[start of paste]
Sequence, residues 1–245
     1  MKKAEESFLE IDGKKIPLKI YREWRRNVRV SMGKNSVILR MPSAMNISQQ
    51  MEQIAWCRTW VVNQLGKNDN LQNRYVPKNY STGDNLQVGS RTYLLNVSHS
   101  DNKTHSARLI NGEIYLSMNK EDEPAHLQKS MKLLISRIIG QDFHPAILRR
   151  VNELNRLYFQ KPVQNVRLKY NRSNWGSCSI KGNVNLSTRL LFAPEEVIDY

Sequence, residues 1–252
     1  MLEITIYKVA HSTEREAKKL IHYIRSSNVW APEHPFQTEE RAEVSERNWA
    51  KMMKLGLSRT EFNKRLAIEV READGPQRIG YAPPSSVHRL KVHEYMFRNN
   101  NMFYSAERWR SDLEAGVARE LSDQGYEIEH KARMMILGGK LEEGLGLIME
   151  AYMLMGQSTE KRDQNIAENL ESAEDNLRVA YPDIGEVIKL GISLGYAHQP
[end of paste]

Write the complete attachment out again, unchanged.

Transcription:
Sequence, residues 1–245
     1  MKKAEESFLE IDGKKIPLKI YREWRRNVRV SMGKNSVILR MPSAMNISQQ
    51  MEQIAWCRTW VVNQLGKNDN LQNRYVPKNY STGDNLQVGS RTYLLNVSHS
   101  DNKTHSARLI NGEIYLSMNK EDEPAHLQKS MKLLISRIIG QDFHPAILRR
   151  VNELNRLYFQ KPVQNVRLKY NRSNWGSCSI KGNVNLSTRL LFAPEEVIDY

Sequence, residues 1–252
     1  MLEITIYKVA HSTEREAKKL IHYIRSSNVW APEHPFQTEE RAEVSERNWA
    51  KMMKLGLSRT EFNKRLAIEV READGPQRIG YAPPSSVHRL KVHEYMFRNN
   101  NMFYSAERWR SDLEAGVARE LSDQGYEIEH KARMMILGGK LEEGLGLIME
   151  AYMLMGQSTE KRDQNIAENL ESAEDNLRVA YPDIGEVIKL GISLGYAHQP